I do appreciate I am being unreasonable though and I have apologised to DP and prior to this conversation I personally felt our house was perfectly secure. Obviously I know he doesn't have any special powers of foresight and him suggesting I set the alarm isn't the same as saying someone is going to break it.

gagamama Fri 25-Jul-08 15:04:05

Obviously, "trying to get it" should be "trying to get IN".

gagamama Fri 25-Jul-08 15:05:22

And "break it" should be "break IN". I don't know what's wrong with me. hmm

MsDemeanor Fri 25-Jul-08 16:00:37

"with the added fact that he was worried about our posessions rather than us that upset me"
Come on now, that's not a 'fact' at all - he was only suggesting you set the alarm when you go out. No normal house is ever totally secure, but it's a lot more secure when it's occupied, and a lot more likely to be burgled when everyone is out during the day.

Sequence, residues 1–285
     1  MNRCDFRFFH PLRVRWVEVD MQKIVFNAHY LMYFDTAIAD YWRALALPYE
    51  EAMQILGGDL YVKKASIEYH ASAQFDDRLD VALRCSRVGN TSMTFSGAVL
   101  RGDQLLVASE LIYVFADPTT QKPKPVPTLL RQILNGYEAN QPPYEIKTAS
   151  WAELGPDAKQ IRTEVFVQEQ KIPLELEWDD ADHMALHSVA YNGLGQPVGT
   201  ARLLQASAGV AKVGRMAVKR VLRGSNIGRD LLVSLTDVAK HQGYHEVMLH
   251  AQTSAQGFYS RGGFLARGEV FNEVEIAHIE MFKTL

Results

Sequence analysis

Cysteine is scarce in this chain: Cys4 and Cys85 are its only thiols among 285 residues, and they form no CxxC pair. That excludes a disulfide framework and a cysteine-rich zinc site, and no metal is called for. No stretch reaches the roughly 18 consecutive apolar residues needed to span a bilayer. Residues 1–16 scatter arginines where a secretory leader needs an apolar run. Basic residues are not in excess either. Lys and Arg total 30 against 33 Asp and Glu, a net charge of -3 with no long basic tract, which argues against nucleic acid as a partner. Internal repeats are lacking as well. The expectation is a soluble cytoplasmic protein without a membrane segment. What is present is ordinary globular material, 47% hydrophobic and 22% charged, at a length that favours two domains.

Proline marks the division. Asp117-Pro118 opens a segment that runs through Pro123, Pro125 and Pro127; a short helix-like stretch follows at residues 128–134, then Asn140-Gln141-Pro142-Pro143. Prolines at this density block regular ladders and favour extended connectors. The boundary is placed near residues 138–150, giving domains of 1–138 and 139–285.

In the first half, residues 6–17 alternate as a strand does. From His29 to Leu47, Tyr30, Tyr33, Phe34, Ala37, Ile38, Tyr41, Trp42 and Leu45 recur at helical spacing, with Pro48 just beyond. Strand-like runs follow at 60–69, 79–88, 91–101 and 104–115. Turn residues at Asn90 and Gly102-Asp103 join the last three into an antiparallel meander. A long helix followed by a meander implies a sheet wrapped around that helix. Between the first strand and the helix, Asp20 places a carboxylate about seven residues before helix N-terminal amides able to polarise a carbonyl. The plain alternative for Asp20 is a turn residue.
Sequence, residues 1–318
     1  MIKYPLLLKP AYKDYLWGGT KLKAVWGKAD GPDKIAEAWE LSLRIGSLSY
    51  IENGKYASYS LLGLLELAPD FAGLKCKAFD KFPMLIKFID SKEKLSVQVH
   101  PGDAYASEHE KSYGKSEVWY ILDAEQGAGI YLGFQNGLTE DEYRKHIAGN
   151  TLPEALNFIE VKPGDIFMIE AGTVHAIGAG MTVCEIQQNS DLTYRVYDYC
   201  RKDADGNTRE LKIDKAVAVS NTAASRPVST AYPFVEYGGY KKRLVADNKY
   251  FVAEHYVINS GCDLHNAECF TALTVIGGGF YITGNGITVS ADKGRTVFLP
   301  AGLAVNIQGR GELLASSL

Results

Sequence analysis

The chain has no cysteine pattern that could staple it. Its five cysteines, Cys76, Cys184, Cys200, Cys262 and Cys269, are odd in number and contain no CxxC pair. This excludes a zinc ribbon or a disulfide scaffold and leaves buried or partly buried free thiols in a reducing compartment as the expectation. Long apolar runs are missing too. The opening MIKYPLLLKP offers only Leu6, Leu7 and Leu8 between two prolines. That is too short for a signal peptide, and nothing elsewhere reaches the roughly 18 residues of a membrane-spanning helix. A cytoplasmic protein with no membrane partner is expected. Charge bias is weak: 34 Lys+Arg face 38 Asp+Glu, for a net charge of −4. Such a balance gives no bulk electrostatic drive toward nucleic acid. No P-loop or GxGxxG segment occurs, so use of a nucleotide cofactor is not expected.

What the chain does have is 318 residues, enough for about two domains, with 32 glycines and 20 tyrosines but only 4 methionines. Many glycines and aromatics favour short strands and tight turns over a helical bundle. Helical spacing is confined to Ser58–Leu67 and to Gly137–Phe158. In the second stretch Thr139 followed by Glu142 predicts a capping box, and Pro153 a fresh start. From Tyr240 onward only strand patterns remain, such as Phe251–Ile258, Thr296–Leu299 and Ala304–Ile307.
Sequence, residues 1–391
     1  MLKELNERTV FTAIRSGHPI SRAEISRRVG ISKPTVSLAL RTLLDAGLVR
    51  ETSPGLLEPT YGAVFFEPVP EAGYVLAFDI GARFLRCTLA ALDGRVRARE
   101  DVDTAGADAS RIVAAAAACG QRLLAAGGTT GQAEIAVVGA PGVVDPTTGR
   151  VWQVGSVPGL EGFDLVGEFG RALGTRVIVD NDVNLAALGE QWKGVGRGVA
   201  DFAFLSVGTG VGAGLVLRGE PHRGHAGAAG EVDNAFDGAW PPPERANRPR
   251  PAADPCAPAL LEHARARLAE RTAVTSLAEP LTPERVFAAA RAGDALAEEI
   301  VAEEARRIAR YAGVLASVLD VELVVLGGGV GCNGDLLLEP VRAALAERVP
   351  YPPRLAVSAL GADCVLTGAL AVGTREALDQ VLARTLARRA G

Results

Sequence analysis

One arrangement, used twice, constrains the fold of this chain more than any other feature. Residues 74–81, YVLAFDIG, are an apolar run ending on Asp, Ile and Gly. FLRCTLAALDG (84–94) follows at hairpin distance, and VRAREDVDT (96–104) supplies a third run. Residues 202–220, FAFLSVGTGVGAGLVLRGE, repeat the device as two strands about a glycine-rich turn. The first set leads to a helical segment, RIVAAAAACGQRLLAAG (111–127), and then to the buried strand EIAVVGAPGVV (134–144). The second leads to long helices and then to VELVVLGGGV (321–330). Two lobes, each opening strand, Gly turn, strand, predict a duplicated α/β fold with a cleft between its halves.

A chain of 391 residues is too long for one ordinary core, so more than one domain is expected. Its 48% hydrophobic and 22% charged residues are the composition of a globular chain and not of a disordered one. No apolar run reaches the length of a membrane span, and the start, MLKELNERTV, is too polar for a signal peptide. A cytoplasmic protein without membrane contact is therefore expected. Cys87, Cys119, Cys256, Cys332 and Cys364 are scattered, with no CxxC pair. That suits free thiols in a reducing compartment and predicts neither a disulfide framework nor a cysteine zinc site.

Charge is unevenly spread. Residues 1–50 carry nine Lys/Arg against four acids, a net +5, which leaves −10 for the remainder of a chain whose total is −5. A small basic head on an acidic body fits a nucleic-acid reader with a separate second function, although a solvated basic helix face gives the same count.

I suspect you are a bit scared about being on your own, which is perfectly normal, esp if you've had a previous bad experience.

hearnoevil Fri 25-Jul-08 18:14:09

yabu, complete over reaction.

Lovesdogsandcats Fri 25-Jul-08 18:26:29

er why can't you look after your dog? I managed 3 dogs and a 3 year old when I had my ds, AND that was while getting over a csection with him...to be honest the only reason they let me out of hospital a day early was because i couldn't bear to be away from dd and the dogs and cats a minute longer.

Maybe its just me.

wannaBe Fri 25-Jul-08 18:35:28

I think yabu.

Whenever my dh is out overnight he rings me to make sure I've locked all the doors and that I switch all lights off etc - he is just looking out for me.

Can't really see why you're getting rid of the dog either tbh, if you can't handle having a dog why do you have one?

mysteryfairy Fri 25-Jul-08 18:51:05

Sounds to me like your DH is just having a go at you in a passive aggressive way because he doesn't like the fact that the dog is going to be looked after elsewhere. Apologies if that is way off the mark but that would be the explanation if my DH made similar remarks!

itati Fri 25-Jul-08 18:53:36

shock tmmj

I doubt for a minute he valuies possessions over his family. He is just conscious of the fact you won't have the dog there in case.